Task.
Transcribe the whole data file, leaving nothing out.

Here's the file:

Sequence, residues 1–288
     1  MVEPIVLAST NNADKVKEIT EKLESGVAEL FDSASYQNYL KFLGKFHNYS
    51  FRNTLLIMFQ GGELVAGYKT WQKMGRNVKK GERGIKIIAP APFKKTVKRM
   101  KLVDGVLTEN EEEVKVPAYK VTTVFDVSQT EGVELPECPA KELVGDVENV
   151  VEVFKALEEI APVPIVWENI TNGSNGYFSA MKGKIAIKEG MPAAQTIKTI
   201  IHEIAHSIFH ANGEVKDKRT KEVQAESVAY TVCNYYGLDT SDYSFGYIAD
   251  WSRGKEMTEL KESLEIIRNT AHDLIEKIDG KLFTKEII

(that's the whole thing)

Sequence, residues 1–288
     1  MVEPIVLAST NNADKVKEIT EKLESGVAEL FDSASYQNYL KFLGKFHNYS
    51  FRNTLLIMFQ GGELVAGYKT WQKMGRNVKK GERGIKIIAP APFKKTVKRM
   101  KLVDGVLTEN EEEVKVPAYK VTTVFDVSQT EGVELPECPA KELVGDVENV
   151  VEVFKALEEI APVPIVWENI TNGSNGYFSA MKGKIAIKEG MPAAQTIKTI
   201  IHEIAHSIFH ANGEVKDKRT KEVQAESVAY TVCNYYGLDT SDYSFGYIAD
   251  WSRGKEMTEL KESLEIIRNT AHDLIEKIDG KLFTKEII